Clinical Depression Therapy

Depression exists on a continuum of severity, ranging from relatively mild, transient states of low mood to severe, long term symptoms that have a major impact on an individual’s quality of life. When a person’s symptoms have reached the chronic end of the spectrum and require professional treatment, it’s typically referred to as clinical depression.


People experience depression in different forms. Some people only have a few symptoms, while others have many. Some symptoms might get better over time while others may get worse.

It’s important to work with your mental health therapist to identify which depression symptoms you experience and determine the best approach to treating them. For each type of clinical depression, as well as the various subtypes, there are some symptoms or features that are common in those who experience it. These symptoms include:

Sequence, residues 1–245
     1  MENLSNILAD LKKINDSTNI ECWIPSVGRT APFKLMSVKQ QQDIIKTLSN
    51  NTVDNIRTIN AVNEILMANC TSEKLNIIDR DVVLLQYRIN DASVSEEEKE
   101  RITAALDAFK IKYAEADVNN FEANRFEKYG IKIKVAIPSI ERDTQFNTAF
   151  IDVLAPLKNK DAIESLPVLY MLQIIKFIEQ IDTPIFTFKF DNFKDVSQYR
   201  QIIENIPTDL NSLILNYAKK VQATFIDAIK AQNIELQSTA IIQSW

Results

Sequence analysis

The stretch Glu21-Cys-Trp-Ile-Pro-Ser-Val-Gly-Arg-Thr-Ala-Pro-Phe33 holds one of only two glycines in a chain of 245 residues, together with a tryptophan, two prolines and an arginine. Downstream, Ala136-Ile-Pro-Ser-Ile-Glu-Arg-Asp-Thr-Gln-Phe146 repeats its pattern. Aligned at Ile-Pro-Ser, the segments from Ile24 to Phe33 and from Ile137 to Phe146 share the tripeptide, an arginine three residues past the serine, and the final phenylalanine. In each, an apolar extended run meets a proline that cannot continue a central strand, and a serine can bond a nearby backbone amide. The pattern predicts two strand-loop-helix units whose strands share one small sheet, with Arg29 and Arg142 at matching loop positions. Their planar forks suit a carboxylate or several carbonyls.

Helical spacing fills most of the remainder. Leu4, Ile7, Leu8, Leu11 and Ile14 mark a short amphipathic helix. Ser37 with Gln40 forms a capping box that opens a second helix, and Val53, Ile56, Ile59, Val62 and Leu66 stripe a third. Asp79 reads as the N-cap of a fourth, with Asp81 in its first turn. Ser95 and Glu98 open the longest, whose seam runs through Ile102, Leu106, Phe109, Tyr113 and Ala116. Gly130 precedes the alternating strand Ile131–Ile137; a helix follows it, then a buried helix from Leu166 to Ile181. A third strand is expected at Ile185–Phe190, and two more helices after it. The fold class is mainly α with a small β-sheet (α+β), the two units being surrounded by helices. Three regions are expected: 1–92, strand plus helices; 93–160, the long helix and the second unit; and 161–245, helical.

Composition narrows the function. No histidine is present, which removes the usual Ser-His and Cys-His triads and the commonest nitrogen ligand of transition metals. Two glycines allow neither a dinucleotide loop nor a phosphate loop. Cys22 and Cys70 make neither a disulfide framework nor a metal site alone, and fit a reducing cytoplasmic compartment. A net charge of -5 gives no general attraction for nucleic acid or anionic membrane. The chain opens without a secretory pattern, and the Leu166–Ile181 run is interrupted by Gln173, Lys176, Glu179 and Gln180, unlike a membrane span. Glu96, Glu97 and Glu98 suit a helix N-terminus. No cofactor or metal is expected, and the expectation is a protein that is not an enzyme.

• Appetite changes, weight loss or gain
  • Trouble sleeping (too much or too little)
  • Feeling “slowed down” or being excessively agitated
  • Tiredness, fatigue, lack of energy
  • Physical symptoms and pain (such as body aches, stomach upset, headaches)
  • Feelings of worthlessness or guilt
  • Problems with concentration or focus
  • Inability to make decisions or poor decision-making
  • Thinking about death or dying; planning or attempting suicide

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